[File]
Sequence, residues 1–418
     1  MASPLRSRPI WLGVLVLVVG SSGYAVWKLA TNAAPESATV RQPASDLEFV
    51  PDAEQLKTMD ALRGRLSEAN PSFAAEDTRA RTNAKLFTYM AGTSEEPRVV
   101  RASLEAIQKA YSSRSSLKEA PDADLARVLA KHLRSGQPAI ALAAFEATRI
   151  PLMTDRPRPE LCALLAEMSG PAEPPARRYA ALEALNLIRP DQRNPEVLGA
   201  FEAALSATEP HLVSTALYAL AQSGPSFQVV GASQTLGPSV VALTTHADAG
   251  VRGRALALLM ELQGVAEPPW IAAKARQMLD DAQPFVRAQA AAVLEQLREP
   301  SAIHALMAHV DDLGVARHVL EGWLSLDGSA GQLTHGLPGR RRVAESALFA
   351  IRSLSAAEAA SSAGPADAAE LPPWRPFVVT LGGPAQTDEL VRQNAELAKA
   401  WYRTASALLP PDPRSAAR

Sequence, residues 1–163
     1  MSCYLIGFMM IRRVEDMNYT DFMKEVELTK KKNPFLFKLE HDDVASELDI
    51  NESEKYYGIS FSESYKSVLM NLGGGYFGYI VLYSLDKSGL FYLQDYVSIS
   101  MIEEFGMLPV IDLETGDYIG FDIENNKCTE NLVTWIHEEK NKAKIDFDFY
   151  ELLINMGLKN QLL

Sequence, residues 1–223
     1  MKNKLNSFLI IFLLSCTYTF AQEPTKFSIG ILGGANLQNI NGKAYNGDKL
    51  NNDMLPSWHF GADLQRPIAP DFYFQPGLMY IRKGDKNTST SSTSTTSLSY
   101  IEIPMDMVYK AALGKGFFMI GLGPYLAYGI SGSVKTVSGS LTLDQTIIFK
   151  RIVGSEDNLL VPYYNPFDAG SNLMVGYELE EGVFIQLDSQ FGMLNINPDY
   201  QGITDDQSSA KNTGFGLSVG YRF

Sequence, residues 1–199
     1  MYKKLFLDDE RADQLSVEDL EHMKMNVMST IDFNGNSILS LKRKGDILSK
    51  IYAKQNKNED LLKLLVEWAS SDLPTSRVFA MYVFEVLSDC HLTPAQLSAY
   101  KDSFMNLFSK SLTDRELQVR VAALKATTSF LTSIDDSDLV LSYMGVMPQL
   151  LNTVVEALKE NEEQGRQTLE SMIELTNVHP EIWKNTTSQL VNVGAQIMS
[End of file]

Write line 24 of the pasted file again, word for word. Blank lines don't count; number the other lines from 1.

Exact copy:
    51  IYAKQNKNED LLKLLVEWAS SDLPTSRVFA MYVFEVLSDC HLTPAQLSAY